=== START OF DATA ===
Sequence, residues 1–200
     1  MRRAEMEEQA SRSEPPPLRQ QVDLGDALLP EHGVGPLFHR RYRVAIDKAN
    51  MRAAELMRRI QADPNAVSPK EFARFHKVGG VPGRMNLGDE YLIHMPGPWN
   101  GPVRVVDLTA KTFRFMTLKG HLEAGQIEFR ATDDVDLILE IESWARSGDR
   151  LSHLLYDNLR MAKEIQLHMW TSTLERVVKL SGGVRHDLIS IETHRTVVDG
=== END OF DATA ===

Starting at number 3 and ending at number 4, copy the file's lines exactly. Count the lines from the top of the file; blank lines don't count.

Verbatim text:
    51  MRAAELMRRI QADPNAVSPK EFARFHKVGG VPGRMNLGDE YLIHMPGPWN
   101  GPVRVVDLTA KTFRFMTLKG HLEAGQIEFR ATDDVDLILE IESWARSGDR